Complication from extra-pleural pneumonectomy

July 31, 2007

Extra-plueral pneumonectomy is a radical surgical option for mesothelioma patients. Unlike pleurectomy/decortication surgery, which leaves the lung intact, the removal of the affected lung can have serious complications in addition to reduced quality of life and lack of mobility associated with only having a single functioning lung. The following abstract reports on one such complication.

1: J Thorac Oncol. 2007 Jul;2(7):673-5

Constrictive pericarditis after left extrapleural pneumonectomy and radiotherapy for malignant mesothelioma.
Hickey EJ, Khan AA, Chambers JB, Lang-Lazdunski L.

The Hospital for Sick Children, Toronto, Ontario, Canada. edward.hickey@sickkids.ca

We report the devastating complication of constrictive pericarditis after multimodality therapy including left extrapleural pneumonectomy for malignant pleural mesothelioma. The patient presented with progressive dyspnea, ascites, and peripheral edema 6 months after receiving adjuvant radiotherapy. A diagnosis of constrictive pericarditis was made late in the clinical course after exhaustive investigation to exclude primary disease recurrence. Pericardial decortication was subsequently undertaken 12 months after the initial surgery, but the patient died of multi-organ failure. Our experience, combined with a review of the available literature, leads us to advise a low level of suspicion and early operation to relieve cardiac constriction. Furthermore, these complications emphasize the importance of trials such as the Mesothelioma and Radical Surgery (MARS) study.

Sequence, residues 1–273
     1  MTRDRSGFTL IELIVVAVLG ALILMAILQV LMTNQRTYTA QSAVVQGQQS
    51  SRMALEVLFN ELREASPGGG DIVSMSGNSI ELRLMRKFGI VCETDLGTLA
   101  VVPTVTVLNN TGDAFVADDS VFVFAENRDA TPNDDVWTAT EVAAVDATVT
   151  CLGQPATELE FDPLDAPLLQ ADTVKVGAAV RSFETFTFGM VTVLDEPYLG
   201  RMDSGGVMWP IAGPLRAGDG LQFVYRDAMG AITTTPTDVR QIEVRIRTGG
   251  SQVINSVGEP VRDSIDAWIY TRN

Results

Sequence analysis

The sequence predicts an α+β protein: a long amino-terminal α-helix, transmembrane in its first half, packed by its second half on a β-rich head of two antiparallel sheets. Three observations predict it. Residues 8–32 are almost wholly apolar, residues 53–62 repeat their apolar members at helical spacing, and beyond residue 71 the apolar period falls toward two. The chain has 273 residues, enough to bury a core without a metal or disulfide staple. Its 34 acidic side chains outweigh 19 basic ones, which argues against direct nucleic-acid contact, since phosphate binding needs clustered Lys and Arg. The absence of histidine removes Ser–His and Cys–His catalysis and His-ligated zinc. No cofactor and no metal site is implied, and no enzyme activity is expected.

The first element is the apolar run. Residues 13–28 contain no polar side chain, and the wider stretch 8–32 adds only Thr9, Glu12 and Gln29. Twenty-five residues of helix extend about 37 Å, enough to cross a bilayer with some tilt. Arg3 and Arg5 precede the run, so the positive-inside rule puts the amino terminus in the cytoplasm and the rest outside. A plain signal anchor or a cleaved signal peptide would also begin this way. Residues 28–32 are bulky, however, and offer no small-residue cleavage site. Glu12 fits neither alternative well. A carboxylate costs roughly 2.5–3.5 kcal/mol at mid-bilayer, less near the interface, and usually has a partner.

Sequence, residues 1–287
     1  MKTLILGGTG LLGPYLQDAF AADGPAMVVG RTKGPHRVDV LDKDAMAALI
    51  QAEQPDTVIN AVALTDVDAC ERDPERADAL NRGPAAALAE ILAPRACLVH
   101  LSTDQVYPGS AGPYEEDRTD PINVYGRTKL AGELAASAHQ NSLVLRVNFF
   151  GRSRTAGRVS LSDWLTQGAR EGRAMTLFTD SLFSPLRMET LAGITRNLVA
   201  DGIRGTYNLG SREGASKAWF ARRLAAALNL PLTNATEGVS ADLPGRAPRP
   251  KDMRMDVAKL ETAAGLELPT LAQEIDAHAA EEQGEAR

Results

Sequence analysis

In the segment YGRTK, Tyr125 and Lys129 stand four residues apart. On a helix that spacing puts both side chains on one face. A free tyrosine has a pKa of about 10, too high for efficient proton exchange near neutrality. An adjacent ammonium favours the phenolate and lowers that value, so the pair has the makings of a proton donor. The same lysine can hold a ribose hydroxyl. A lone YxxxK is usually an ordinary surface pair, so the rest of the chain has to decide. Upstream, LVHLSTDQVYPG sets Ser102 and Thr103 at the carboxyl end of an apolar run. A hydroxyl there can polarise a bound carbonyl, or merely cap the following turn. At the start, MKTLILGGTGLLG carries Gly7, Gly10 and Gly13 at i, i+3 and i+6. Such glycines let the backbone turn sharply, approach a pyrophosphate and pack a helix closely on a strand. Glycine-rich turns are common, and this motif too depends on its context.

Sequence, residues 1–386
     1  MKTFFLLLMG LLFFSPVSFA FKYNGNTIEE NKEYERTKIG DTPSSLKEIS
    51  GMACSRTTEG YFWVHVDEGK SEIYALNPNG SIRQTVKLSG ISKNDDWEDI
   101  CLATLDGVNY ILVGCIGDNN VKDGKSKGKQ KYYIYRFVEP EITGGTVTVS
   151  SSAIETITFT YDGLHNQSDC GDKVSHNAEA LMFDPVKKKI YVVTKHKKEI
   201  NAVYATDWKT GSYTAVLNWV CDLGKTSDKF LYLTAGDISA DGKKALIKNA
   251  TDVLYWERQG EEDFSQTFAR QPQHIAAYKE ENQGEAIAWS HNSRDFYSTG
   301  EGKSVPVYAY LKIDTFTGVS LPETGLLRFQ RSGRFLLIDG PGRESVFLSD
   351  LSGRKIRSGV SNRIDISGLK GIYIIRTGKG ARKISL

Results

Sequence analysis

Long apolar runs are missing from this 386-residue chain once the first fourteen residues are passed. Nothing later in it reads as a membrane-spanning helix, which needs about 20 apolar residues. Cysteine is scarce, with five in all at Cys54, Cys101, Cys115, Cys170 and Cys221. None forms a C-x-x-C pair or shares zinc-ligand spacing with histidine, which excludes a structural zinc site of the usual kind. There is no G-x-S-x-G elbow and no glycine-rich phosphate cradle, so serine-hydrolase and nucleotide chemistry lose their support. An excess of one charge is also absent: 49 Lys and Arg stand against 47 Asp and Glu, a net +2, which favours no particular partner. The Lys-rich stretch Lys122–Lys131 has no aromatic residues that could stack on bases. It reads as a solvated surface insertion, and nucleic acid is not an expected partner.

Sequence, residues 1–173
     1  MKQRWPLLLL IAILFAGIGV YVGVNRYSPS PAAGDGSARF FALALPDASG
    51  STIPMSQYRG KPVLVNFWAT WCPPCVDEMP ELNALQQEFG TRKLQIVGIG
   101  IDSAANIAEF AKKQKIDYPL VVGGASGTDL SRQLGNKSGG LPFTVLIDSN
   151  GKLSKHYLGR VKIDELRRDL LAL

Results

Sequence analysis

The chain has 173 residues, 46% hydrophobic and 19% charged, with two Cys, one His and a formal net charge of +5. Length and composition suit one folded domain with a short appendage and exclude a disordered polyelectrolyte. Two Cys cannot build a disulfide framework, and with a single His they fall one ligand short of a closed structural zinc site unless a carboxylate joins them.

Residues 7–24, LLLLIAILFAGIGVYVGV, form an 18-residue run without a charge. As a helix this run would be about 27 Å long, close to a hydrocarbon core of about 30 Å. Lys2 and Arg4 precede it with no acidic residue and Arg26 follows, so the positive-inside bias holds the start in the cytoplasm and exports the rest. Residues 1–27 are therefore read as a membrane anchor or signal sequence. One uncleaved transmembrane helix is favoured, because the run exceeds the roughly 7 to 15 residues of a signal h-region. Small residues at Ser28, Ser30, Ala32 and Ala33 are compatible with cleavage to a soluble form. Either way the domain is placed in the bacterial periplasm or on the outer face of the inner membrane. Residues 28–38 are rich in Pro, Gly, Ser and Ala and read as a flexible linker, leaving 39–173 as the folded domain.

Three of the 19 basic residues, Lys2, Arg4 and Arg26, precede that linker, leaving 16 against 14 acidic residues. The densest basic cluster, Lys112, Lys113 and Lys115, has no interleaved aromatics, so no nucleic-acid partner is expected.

PMID: 17607128 [PubMed – in process]

Additional information about asbestos medical and legal options are available from the Law Office of Roger G. Worthington, P.C., www.mesothel.com.

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Post-bankruptcy asbestos defendant doing well

July 31, 2007

Corning, Inc., heir to one of the major corporate defendants in asbestos litigation, emerged from bankruptcy having left its obligations and debts to thousands of poisoned workers in a trust fund. Many observers believe that the trust fund is woefully inadequate. After emerging from bankruptcy, minus its asbestos debts, Corning, like other asbestos companies that sought refuge in faux bankruptcy, continues to be profitable.

From Rich Smith, July 31, 2007.

–Corning earned $0.30 per share in Q2. It would have earned $0.34, but for a charge to earnings. The value of the stock the company had contributed to an asbestos litigation settlement fund rose more quickly than expected. That worked out to a 6% decline in earnings per share.

–Sales grew 12.4%, and the firm earned a record 46.5% gross margin on those sales.

–Operating margin dropped precipitously — but illusorily, since the asbestos litigation charge mentioned above combined with a nearly equal-and-opposite benefit in last year’s Q2 to magnify the difference in operating margin. Likewise with the net margin, with dropped to 34.5% from last year’s 40.8%.

Additional information about asbestos medical and legal options are available from the Law Office of Roger G. Worthington, P.C., www.mesothel.com.